Want more healthy recipes from me and fellow SparkPeople members? Be sure to subscribe to SparkPeople's Recipe of the Day email. Click here to sign up!
 
Did you know SparkRecipes is now on Facebook? Click here to "Like" us!
 
Like this blog? Then you'll love "The SparkPeople Cookbook: Love Your Food, Lose the Weight."
 


Click here to to redeem your SparkPoints
  You will earn 5 SparkPoints
 

NEXT ENTRY >   Choose This Seasonal Drink to Save Over 100 Calories

Great Stories from around the Web

Comments

  • 11
    Thanks for great ideas. I have oak work table (made by Amish in OH) and I have been treating it with just beeswax. Appreciate the idea of mineral oil plus beeswax. THANKS!!! - 12/3/2012   8:09:25 PM
  • 10
    I got rid of my wood cutting board. - 11/28/2012   4:25:41 PM
  • 9
    You CAN call a repairman or an electrician to adjust your temperature controls, but in my area it costs between $65 and $100 to get one of these folks to even come out. You can buy a lot of spices and food ingredients for $100, so I thought I'd share Easy DIY instructions so you can save a chunk of change.

    How to Determine if Your Gas Stove Temperature is Correct

    The very first thing you need is an oven thermometer, which is available at grocery stores or hardware stores for less than $10. Place the oven rack in the center of the oven and attach the thermometer as directed on the thermometer package, which may say to hang the device from a rod of the oven rack. Turn the oven to a commonly used temperature, like 350 degrees. Allow the oven to heat for at least 15 minutes and then record the temperature reading on the thermometer. Five minutes later, check the thermometer again. After another five minutes, Check the thermometer one last time . Add those three temperatures and divide by three to determine the average temperature. If the results are close to the setting you chose on the oven knob, like 10 degrees above or below, that average temperature is probably close enough because a gas oven's cannot maintain a constant temperature (it heats when a preset lower temperature variance is reached and then shuts off when a higher temperature variance is met). If the average is off more than 10 degrees, then the temperature can be adjusted. Leave the oven on.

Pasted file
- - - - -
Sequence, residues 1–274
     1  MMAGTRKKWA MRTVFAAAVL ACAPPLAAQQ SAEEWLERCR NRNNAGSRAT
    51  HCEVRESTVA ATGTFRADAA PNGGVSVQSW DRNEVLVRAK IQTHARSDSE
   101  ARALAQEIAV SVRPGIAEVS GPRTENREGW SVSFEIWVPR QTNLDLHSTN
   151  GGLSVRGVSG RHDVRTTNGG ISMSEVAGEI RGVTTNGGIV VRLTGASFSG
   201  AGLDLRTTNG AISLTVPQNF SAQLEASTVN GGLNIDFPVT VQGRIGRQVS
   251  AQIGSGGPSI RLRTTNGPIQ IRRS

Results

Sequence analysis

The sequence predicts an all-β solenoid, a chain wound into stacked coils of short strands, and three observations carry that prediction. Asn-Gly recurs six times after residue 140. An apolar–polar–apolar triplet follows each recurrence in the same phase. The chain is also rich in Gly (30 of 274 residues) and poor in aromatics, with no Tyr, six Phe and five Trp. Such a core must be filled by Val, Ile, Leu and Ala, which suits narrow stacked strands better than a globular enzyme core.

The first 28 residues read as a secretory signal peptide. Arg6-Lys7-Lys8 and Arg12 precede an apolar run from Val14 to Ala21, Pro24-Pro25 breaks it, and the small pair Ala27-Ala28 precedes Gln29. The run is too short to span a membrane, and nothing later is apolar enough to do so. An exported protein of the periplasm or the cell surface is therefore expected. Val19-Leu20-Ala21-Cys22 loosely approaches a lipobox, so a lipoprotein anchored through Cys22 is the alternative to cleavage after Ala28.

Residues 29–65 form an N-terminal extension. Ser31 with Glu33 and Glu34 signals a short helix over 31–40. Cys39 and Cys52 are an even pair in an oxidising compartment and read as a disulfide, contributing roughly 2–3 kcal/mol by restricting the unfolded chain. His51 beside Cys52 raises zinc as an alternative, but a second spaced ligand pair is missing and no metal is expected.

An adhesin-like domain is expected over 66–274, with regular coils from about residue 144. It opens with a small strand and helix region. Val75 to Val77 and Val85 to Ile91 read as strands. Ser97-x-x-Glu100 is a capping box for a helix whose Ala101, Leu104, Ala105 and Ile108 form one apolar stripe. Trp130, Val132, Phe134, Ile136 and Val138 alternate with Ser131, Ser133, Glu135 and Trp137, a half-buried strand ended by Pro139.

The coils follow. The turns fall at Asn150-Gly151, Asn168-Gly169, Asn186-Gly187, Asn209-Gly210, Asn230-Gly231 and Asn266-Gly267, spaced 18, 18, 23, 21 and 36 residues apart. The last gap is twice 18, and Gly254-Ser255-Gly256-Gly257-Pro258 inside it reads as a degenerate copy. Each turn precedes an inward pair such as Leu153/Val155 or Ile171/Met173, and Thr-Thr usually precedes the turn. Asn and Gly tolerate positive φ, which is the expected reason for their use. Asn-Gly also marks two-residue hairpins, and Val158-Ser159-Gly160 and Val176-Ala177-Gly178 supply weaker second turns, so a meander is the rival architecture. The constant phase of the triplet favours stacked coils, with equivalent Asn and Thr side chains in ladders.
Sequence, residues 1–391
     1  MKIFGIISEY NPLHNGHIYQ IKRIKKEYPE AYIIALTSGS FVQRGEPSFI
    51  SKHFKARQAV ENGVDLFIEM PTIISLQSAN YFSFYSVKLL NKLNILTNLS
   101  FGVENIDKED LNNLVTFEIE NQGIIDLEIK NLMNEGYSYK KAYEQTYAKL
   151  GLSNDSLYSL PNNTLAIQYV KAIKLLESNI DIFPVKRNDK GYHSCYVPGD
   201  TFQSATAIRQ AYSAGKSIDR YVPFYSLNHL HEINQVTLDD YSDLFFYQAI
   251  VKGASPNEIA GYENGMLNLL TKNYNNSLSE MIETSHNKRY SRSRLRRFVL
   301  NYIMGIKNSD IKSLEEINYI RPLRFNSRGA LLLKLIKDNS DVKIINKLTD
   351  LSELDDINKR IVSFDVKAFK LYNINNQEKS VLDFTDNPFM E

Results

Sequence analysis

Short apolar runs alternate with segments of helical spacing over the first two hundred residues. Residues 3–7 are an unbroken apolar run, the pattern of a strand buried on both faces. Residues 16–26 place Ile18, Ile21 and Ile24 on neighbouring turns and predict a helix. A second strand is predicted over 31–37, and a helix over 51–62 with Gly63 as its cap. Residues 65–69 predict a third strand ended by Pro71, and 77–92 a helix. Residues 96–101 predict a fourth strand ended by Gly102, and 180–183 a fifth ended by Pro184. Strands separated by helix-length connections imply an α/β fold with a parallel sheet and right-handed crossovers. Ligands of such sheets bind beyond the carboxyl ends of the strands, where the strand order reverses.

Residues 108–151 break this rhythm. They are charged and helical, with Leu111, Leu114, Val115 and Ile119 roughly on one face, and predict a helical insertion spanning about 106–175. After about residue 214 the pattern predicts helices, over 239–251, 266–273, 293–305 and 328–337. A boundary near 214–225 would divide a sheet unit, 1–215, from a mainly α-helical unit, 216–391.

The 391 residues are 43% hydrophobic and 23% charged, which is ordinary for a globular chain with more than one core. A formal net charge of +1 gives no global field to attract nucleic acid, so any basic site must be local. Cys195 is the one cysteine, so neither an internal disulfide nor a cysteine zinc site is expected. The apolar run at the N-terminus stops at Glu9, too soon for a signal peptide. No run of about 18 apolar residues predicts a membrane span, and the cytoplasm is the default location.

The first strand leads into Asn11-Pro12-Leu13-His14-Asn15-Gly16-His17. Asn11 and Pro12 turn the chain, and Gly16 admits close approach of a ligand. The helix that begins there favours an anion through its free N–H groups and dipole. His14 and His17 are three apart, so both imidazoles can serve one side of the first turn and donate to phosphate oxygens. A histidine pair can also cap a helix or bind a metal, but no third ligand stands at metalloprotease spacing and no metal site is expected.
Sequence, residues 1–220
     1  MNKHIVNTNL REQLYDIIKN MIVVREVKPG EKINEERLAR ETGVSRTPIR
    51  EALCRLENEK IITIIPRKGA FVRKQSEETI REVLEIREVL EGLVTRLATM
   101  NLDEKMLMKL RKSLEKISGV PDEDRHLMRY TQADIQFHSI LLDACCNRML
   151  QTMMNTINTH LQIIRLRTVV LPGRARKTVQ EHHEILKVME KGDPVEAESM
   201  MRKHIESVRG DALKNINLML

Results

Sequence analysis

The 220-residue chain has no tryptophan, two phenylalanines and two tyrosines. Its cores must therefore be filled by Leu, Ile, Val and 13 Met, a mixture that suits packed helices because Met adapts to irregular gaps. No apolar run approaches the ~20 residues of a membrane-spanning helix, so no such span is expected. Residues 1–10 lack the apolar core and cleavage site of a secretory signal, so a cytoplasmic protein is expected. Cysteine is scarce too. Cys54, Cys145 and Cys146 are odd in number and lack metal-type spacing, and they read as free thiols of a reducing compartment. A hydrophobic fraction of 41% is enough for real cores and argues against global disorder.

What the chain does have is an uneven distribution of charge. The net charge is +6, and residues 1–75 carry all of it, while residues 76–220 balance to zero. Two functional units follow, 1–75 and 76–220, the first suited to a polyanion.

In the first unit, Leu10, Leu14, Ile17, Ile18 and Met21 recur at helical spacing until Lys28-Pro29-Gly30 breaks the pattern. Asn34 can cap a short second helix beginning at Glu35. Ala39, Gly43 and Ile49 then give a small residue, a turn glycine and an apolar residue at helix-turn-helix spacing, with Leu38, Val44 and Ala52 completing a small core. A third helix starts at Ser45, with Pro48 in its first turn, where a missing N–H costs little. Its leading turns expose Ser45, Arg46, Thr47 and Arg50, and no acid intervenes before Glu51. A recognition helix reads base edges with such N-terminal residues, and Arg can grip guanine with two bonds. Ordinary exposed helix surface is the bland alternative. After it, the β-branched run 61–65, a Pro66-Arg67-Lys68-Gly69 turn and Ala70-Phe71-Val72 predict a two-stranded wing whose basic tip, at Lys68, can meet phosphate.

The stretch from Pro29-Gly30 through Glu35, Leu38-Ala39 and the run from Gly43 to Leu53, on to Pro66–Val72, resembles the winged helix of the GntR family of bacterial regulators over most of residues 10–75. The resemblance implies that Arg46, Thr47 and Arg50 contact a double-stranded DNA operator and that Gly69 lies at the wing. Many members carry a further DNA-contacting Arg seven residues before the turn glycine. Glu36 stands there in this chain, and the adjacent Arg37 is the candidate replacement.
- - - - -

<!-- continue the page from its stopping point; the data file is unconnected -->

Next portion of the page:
Use the fingers of both hands to pop the oven temperature knob off the oven. The back of the knob has two screws that hold the face of the knob (the degree markings) in place. Note where the gauge on the back currently points, which may be in the center. Use a screwdriver to loosen both screws ( a large jewelers screwdriver works best). The objective is to twist the face of the knob to reposition the numbers to match the temperature in the oven. Relocate the pointer on the back of the knob one mark (or half the distance between marks, which is what I do) on the gauge hotter or cooler, tighten the screws and then reattach the knob to the oven. Set the temperature again to 350, wait 15 minutes and check the temperature. Repeat twice more at five minute intervals and calculate an average. You may need to adjust the knob again. You most likely will not achieve an exact setting so err to the lower side as you fine tune the setting. It's better to return a casserole to the oven to cook a bit longer than to have the temperature too high and have to scrape off the carbon.

    Older gas ovens don't have the convenient marks on the knob, so you have to remember the LARS rule (turning the screw to the Left Adds heat, turning the knob to the Right Subtracts heat [Left Add Right Subtract = LARS]).

    Digital gas ovens vary in their ways to adjust the heat for your oven, but you can find how yours works simply by reading the instruction book that comes with the particular brand of oven. If you inherited the range from a former owner, you can Google most brands on the Internet and find the directions there.

    Check the Temperature of an Electric Oven

    It's easy to check the accuracy of the temperature control on an electric oven. Simply place an oven thermometer in the center of your electric oven. Set the temperature of the oven at exactly 350 degrees Fahrenheit, and after approximately 25 minutes, check the temperature reading of the thermometer. If the temperature of your electric oven is off by 20 degrees or more, one way or the other, the thermostat probably needs to be replaced. If the temperature is less than 20 degrees off either way, it can easily be adjusted with a simple turn of a screwdriver.

    Adjusting the Temperature of an Electric Oven